Edwards has the potential to be a program changing recruit, so you know Crean is going to give him every opportunity to put up numbers. Edwards won’t be the most efficient player in the country, but he may turn out to the best.

3- Only 5 teams from the SEC will hear their name called on Selection Sunday. Out of the three predictions, this is the one most likely to come back and bite me.

College basketball is so wide open this year it’s difficult to find a team, let alone multiple teams, you feel confident in.

This may be the season all those whose clamor to see more mid-major teams in the tournament get their wish.

Regardless of whether or not any of these predictions come true, this season promises to be an entertaining one. It’ll just be a little bit easier to revisit in a few months if I happen to be right.

Taggart Time Over

By: JJ Lanier

TheSouthernSportsEdition.com news services

So, who had a year and a half in the “Taggart’s Time in Tallahassee” office pool? I had three years, so once again, I lose.

If you’re wondering why Taggart’s tenure at Florida State ended as soon as it did, there’s a picture making its rounds on the internet that sums it up pretty nicely.

The photo is one of a Miami Hurricanes player about to score a touchdown with a pair of Seminole defenders trailing on the play, both of whom seem either more interested in yelling at each other, or are in the midst of an intense game of “1,2,3 Don’t Blink”, than trying to make a play.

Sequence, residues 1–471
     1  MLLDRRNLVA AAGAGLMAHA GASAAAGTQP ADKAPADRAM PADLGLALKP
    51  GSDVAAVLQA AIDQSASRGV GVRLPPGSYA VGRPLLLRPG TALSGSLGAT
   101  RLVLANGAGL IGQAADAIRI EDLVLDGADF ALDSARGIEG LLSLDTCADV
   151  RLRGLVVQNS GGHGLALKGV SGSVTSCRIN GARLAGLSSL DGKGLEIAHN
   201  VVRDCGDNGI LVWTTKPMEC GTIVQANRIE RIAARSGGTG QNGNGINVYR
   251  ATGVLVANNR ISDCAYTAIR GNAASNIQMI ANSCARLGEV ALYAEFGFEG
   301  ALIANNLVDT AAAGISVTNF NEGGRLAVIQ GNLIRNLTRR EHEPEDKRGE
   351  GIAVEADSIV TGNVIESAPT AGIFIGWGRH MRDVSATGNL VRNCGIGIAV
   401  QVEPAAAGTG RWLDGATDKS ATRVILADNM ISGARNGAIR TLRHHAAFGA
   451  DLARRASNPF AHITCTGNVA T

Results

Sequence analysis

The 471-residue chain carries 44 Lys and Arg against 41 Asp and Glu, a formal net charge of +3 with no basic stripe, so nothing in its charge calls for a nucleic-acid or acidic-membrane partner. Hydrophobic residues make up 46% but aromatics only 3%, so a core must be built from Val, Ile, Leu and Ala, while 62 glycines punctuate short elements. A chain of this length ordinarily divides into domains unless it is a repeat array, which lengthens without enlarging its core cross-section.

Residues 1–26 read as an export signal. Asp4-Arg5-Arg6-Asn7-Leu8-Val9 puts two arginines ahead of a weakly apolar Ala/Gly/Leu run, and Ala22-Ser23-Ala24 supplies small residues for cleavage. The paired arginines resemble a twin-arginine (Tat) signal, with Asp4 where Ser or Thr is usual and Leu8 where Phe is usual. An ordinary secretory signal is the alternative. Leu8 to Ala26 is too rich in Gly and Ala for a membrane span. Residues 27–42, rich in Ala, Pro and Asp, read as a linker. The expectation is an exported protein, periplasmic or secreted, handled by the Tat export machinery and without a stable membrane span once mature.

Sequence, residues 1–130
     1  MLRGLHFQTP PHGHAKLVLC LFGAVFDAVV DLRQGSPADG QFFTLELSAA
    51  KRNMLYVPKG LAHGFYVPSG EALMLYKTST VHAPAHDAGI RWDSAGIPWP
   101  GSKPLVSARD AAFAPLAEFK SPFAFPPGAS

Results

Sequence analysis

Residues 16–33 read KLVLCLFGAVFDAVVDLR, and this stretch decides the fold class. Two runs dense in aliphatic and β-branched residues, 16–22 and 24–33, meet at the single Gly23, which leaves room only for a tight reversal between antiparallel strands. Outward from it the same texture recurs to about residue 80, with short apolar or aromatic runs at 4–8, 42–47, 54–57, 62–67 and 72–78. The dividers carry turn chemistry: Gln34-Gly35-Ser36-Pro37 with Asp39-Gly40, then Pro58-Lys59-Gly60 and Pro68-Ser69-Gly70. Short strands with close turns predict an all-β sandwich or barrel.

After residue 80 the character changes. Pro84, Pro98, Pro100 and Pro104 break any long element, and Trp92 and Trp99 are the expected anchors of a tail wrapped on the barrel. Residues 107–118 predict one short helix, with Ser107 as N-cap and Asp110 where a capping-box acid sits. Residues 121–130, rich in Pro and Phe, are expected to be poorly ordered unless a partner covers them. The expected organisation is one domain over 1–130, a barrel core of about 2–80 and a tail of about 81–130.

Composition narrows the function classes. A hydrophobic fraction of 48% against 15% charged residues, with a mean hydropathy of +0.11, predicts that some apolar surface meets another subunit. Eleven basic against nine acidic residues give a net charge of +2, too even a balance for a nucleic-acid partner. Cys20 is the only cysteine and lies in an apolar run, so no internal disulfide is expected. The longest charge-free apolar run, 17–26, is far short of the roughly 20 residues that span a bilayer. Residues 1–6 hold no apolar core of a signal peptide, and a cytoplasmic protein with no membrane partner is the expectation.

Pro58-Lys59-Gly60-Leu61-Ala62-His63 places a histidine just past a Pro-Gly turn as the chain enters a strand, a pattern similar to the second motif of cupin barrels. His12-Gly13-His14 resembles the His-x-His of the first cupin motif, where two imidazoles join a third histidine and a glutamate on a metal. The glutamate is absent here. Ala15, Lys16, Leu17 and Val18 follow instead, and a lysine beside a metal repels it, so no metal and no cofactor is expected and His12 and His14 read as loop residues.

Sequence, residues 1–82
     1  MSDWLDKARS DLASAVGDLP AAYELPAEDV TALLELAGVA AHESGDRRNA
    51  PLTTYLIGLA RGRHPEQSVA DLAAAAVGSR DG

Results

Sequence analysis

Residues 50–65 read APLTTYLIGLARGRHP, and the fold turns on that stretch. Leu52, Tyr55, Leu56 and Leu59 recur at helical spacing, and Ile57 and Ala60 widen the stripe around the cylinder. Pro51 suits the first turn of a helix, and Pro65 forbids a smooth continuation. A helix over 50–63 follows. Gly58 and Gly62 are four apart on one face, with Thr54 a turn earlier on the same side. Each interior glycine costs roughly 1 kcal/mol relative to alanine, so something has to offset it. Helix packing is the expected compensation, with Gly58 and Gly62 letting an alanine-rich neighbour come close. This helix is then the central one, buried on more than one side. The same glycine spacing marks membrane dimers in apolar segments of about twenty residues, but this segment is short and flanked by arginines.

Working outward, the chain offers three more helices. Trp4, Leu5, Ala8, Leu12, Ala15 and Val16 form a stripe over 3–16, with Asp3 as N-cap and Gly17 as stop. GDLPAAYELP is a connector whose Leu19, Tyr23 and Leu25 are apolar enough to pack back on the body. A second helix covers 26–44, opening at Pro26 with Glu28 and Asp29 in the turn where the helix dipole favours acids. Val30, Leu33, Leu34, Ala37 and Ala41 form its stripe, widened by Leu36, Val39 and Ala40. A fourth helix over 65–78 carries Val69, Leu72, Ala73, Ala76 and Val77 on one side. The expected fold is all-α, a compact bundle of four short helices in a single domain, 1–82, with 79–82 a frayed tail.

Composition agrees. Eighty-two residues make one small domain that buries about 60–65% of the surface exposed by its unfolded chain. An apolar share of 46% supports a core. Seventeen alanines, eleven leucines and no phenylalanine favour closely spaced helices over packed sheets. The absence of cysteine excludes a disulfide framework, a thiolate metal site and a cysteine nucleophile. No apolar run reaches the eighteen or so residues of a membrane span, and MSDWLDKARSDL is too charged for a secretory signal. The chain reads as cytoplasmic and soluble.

The picture really does encapsulate just about everything you need to know about what has taken place since Taggart’s arrival. Losing to an in-state rival? Check. Losing to a less than mediocre football team? Check. A complete lack of discipline? Check.

And if you’re curious as to how desperately they wanted Taggart out, Florida State was able to raise the more than $17 million dollars needed to buy him out, mostly from donors and alumni, quicker than Don Draper’s marriage vows when a beautiful woman walks by. (Sorry, I’m binge watching Mad Men at the moment.)

While the immediacy of Taggart’s dismissal may have come as a bit of surprise, I don’t think the ultimate outcome is. I don’t recall too many people feeling confident in the hire when it happened as much as taking a wait and see approach; not exactly what you would expect from a program like Florida State.

In fact, Taggart’s hire kind of reminds me of Cardale Jones and Mitch Turbisky. What I mean by that is scouts and analysts were fawning over how Jones should’ve entered the NFL draft after he led Ohio State to a national title, although he had played in only a handful of games. Instead, he returned to the Buckeyes the following year and people realized they were a little overzealous about his abilities after seeing a larger sample size.

And Trubisky was the first quarterback drafted in his draft after starting for only a year, even though there were more accomplished quarterbacks available. Now, it seems pretty obvious that he may only be the fourth best quarterback in that draft class.